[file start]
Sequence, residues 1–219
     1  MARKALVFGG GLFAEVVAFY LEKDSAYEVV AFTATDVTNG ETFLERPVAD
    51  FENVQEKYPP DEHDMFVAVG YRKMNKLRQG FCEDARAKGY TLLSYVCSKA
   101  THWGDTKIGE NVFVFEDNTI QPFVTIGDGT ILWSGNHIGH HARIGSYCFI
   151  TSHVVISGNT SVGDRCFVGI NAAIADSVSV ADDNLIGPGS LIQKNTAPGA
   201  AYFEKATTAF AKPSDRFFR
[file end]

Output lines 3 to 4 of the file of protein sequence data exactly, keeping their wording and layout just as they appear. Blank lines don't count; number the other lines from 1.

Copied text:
    51  FENVQEKYPP DEHDMFVAVG YRKMNKLRQG FCEDARAKGY TLLSYVCSKA
   101  THWGDTKIGE NVFVFEDNTI QPFVTIGDGT ILWSGNHIGH HARIGSYCFI